UK Markets open in 7 hrs 13 mins
  • NIKKEI 225

    +526.36 (+2.01%)

    +102.00 (+0.39%)

    -0.12 (-0.27%)

    +0.20 (+0.01%)
  • DOW

    +454.97 (+1.54%)

    +29.59 (+0.21%)
  • CMC Crypto 200

    +11.01 (+2.98%)
  • Nasdaq

    +156.15 (+1.31%)
  • ^FTAS

    +51.07 (+1.43%)

Brits spend £552 a year on subscriptions

Kalila Sangster
·2-min read
Netflix logo is seen displayed on TV screen in this illustration photo taken in Poland on July 16, 2020. On-Demand streaming services gained popularity and new subscribers during the coronavirus pandemic.  (Photo Illustration by Jakub Porzycki/NurPhoto via Getty Images)
Entertainment services, such as Netflix and Amazon Prime, are the most popular type of subscription. Photo: Jakub Porzycki/NurPhoto via Getty Images

Brits are spending an average of £552 ($724) a year on subscriptions for everything from meal kits to entertainment platforms, new figures reveal.

The UK has a subscription economy worth around £323m, according to data from credit and debit card spending from Barclaycard Payments.

Almost two-thirds (65%) of UK households are signed up to regular subscription services, with the average Brit is currently spending £46 on subscriptions each month, Barclaycard found.

Demand for home delivery subscriptions, for products ranging from groceries to magazines, has skyrocketed due to people spending more time at home during the coronavirus lockdown.

READ MORE: 70% of gym-goers ditched memberships post-lockdown

Spending on subscriptions increased by 39.4% for the year to July, according to Barclaycard.

Businesses rushed to take advantage of the growing popularity of subscriptions, with 22% of retailers rolling out a subscription service during lockdown.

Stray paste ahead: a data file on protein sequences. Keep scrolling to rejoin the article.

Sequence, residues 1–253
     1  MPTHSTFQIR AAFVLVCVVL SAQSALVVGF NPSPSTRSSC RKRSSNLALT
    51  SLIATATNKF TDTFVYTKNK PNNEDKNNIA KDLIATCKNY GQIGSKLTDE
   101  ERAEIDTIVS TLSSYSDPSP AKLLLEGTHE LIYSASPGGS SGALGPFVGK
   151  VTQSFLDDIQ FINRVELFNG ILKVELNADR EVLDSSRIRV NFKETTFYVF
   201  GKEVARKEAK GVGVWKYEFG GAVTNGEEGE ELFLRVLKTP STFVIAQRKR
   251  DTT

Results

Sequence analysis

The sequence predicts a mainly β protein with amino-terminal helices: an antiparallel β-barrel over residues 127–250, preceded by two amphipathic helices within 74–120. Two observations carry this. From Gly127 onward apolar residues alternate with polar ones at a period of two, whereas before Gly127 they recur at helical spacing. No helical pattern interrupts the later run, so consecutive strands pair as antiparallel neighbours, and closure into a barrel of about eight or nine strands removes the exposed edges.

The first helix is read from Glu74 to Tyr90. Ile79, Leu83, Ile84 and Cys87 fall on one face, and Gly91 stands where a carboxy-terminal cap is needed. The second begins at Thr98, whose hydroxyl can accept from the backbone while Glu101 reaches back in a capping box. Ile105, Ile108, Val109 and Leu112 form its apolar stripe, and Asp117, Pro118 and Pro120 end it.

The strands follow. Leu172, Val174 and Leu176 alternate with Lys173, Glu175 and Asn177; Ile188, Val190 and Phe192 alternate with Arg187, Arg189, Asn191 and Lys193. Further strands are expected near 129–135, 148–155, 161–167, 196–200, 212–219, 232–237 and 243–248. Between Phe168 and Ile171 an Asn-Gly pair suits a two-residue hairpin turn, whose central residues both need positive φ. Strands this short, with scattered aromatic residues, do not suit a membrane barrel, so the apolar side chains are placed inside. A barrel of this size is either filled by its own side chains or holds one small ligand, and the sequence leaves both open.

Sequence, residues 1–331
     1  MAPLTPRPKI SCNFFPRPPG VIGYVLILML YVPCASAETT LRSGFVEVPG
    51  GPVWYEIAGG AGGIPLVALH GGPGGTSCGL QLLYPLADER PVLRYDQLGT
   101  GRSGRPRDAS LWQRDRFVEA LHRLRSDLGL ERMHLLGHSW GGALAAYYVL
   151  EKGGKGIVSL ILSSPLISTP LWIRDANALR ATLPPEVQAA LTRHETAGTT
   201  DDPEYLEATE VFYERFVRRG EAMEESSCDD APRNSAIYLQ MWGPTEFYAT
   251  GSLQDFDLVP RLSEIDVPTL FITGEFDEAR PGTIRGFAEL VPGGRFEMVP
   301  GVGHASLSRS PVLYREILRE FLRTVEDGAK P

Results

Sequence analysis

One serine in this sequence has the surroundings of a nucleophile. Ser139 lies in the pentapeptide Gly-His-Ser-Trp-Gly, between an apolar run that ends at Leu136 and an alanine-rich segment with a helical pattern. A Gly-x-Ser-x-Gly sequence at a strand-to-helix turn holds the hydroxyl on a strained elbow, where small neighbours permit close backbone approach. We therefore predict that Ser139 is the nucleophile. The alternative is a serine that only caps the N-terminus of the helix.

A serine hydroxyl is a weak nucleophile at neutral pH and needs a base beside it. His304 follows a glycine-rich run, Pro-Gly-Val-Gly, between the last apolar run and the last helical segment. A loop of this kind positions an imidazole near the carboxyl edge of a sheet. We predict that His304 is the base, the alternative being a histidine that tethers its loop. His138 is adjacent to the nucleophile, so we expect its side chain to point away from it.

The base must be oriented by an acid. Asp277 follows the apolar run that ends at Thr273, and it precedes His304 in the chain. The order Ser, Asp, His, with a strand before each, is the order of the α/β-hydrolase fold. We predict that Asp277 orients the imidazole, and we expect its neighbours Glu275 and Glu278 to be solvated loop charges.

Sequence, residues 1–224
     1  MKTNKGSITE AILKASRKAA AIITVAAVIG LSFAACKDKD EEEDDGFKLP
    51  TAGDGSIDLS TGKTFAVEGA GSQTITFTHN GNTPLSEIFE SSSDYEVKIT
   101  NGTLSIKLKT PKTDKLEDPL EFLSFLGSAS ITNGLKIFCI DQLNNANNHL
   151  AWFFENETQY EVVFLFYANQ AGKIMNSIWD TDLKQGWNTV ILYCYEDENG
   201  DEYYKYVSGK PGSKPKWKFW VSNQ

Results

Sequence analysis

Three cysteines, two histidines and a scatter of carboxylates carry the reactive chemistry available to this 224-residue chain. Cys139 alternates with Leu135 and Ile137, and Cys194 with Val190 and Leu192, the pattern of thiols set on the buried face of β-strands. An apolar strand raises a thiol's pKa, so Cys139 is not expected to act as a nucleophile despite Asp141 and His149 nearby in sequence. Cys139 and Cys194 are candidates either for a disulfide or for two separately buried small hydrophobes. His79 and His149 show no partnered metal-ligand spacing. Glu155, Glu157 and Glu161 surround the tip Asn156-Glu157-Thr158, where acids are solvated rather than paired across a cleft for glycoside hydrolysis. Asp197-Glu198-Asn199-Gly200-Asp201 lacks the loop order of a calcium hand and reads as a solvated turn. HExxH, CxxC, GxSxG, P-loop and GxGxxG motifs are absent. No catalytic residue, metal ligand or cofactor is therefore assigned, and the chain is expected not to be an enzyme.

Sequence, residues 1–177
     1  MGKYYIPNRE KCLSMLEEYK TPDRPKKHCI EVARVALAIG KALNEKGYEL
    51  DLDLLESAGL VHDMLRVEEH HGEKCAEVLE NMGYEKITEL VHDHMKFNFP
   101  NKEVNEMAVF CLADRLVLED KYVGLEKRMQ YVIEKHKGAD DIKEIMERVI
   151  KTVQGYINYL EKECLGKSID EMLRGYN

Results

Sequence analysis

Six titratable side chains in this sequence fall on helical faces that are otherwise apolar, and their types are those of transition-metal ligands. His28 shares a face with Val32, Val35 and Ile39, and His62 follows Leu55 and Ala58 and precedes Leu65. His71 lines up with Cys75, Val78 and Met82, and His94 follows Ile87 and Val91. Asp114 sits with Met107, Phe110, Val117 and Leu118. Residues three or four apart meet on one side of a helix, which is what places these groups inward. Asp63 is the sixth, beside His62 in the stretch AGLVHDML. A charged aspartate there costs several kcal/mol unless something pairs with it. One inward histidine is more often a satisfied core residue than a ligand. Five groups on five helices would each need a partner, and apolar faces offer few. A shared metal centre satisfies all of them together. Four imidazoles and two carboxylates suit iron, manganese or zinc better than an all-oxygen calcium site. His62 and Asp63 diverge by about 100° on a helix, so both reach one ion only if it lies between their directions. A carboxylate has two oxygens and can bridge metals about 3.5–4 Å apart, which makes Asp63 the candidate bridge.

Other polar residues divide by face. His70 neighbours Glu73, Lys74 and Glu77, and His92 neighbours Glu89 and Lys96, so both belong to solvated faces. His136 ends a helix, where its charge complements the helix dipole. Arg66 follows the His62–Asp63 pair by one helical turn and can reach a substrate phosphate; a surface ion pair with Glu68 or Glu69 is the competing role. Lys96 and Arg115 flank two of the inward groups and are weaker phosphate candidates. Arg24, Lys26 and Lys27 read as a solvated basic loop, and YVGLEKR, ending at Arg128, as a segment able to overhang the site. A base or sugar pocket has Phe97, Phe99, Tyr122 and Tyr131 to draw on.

Entertainment services, such as Netflix (NFLX) and Amazon Prime (AMZN), are the most popular type of subscription, followed by grocery products and meal kits, Barclaycard said.

Kirsty Morris, managing director for account development at Barclaycard Payments, said: “Subscription services provide an exciting opportunity to engage consumers with products and services at home, whether that’s digital content or streaming services, meal kits, or more personalised offerings such as bespoke alcohol kits or on-demand exercise classes.

“For many retailers this has meant adapting quickly to offer new products and services to respond to the growing demand.

READ MORE: Non-essential spending returns to 2019 levels as lockdown eases

Retail consultant Mary Portas said: “Subscriptions were already a vital tool for UK retailers prior to the pandemic, helping businesses to remain nimble and transport their product or experience direct to their customers’ homes.

“Due to the prolonged period of lockdown, the public has grown accustomed to the range of products on offer, as well as the ease at which they can be regularly surprised and delighted by the brands they care about.”